AUSTIN, Texas -- Humanizing Al Gore is the topic du jour, so let me contribute my mite.

In the summer of '92, the Clintons and Gores were on a bus trip in East Texas having a whale of time. As they rolled through the small towns, when there weren't enough people to justify getting out and forming a rope line, the bus would go into a "slow roll" while Bill and Al stood on the steps leading down to the glass doorway, waving at people and letting them get a good look.

At one point, Clinton went to the back of the bus and Gore was left in the doorway by himself, waving and smiling genially at the folks while muttering something like: "Hi there. Bill Clinton wants your vote very much. Right now he's in the bathroom, but he still wants your vote. Hi there."

Of course, it wouldn't seem so improbable to see headlines about "Fun Al Gore" if the media hadn't created the Wooden Al stereotype in the first place (with a little help from Gore in his Mr. Rogers mode).

Meanwhile, we continue to enjoy the faux-naif routine offered by Republicans and their media flunkies: What could Gore mean by "the people against the powerful"?

Gov. W. Bush was so confused about it that he called it "class warfare." I especially enjoy watching Washington pundits affect to be unable to figure out the fuss. They cover Washington, D.C., and they have never in their whole lives seen or heard of a case in which special-interest money influenced legislation against the people and in favor of the powerful.

They missed communications deregulation (a bill written by lobbyists), utilities deregulation, bankruptcy "reform," banking deregulation as though nobody ever heard of the S&L disaster, the killing of the patients' bill of rights, the pittance in royalties from public lands paid by the oil companies, the sugar subsidy, the ethanol subsidy, and the auto industry's lobbying against higher pollution standards and a rating system for SUV rollover hazard.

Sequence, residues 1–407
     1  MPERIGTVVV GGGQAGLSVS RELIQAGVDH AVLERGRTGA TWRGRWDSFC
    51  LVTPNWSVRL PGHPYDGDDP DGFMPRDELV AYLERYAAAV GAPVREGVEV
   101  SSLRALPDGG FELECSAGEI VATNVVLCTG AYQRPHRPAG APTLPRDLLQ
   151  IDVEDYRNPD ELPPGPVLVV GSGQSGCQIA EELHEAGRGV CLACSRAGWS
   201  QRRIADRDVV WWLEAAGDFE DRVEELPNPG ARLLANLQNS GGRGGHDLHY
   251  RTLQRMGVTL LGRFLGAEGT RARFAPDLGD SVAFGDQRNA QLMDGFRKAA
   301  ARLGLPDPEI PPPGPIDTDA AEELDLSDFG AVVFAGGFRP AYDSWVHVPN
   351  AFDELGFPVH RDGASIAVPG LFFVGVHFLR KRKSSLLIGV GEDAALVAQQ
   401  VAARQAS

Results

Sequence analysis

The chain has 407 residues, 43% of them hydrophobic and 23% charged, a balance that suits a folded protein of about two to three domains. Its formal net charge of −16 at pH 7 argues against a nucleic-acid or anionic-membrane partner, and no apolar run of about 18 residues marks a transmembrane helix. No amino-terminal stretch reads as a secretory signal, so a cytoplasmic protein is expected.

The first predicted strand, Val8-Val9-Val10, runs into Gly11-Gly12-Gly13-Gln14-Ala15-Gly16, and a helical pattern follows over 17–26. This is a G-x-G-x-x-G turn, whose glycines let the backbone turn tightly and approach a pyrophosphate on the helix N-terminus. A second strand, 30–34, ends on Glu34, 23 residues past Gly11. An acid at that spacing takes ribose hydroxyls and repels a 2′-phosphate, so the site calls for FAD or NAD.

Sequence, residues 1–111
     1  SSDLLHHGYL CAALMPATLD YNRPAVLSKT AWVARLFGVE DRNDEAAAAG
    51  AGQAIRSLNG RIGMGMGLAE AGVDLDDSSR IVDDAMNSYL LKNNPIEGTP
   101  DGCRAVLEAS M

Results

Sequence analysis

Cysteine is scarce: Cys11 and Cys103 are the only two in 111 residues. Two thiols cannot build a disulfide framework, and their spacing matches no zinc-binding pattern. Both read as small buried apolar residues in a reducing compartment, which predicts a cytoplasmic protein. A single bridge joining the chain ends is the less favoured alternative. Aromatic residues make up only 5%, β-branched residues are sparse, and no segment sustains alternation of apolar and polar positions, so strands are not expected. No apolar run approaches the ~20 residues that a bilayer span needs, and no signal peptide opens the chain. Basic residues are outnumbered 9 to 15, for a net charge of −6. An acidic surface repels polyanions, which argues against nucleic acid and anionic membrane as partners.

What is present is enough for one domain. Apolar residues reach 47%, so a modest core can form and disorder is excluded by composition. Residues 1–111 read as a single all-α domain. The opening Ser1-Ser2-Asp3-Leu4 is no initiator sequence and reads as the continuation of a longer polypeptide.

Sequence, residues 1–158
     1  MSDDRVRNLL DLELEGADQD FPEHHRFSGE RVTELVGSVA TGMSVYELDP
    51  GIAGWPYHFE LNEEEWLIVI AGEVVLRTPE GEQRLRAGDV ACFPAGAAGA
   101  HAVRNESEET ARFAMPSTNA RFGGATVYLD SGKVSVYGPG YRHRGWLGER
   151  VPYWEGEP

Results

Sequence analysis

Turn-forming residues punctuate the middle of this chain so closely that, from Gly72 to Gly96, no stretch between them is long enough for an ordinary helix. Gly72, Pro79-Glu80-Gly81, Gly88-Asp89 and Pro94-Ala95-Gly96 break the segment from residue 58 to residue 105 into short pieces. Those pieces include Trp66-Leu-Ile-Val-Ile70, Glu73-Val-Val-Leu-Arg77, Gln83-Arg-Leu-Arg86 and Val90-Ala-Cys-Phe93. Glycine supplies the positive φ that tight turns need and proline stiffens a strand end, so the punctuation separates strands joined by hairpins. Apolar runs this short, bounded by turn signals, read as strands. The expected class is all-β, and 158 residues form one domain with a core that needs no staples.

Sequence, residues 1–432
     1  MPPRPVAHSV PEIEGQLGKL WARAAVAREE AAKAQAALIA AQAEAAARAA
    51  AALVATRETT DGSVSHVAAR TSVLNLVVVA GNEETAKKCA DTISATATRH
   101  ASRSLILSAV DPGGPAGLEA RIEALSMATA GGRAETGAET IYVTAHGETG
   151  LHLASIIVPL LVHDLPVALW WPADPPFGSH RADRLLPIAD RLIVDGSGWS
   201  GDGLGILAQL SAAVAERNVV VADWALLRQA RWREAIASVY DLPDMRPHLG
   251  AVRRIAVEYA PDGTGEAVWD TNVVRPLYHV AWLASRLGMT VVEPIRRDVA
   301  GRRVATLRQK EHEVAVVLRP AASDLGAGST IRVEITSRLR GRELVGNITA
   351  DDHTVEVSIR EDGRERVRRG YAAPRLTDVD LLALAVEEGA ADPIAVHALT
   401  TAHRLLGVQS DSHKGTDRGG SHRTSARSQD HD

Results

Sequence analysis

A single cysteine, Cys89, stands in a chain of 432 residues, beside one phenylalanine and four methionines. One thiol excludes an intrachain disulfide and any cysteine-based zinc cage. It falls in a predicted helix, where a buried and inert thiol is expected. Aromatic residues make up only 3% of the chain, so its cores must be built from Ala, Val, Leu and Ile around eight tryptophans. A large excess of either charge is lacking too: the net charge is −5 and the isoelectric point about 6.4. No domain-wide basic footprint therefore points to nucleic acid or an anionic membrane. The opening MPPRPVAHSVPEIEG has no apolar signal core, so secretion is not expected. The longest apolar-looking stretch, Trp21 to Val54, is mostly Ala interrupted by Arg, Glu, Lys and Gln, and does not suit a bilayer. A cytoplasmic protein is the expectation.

What can he mean by "powerful special interests"?

They missed the drug industry's continuing rip-off of the public above and beyond the already wretched pricing system by sneaking drug-patent extensions through Congress; never noticed the insurance industry spending $10 million to kill health care proposals; didn't see the corporate tax write-off for obscene executive salaries; haven't wondered why a $1-an-hour increase in the minimum wage can't get through Congress; and never saw the National Forest Service subsidizing logging roads for the timber industry.

Why in the world is Gore trying to incite "class warfare"?

The plump comfortable commentators pulling down $1 million or more a year cannot understand why Gore would spout populism when everyone is doing so well. Absolutely everyone they know.

We have a criminal justice system that is so repellently biased against the poor and minorities, and so flagrantly forgiving of rich white people who use cocaine that it's a national disgrace. But no one wants to hear that, because everyone is doing just fine. What is all this populist rhetoric about?

According to the Internet, 138 stories in recent days have been devoted to the Gores' on-stage smooch, now referred to as The Kiss. The polar icecap melting got less coverage; AIDS in Africa gets less coverage.

Hey, people aren't interested in global warming. No one has noticed the drought; no one pays attention to those forest fires all over the West; people don't care about that. Al Gore talks about global warming and the media cry, "Policy wonk, policy wonk, boring!" He smooches his wife in public, and we go nuts.

The media have important things to worry about, like the new grand jury investigating Bill Clinton's love life because it hasn't been investigated enough, so no wonder they don't have time to look into how the drug companies stole the public's cancer research and made money off it, or how pathetically undertaxed corporate, industrial and mineral property is, or illegal toxic dumping, or the giveaway of the digital TV spectrum, or the ongoing effects of the 1872 Mining Act.

And of course we have far, far less time to devote to what can be done about all of this. Most people have no idea that anything can be done, or is being done. Why in the world is Al Gore fomenting class warfare?

Molly Ivins is a columnist for the Fort Worth Star-Telegram. To find out more about Molly Ivins and read features by other Creators Syndicate writers and cartoonists, visit the Creators Syndicate web page at COPYRIGHT 2000 CREATORS SYNDICATE, INC.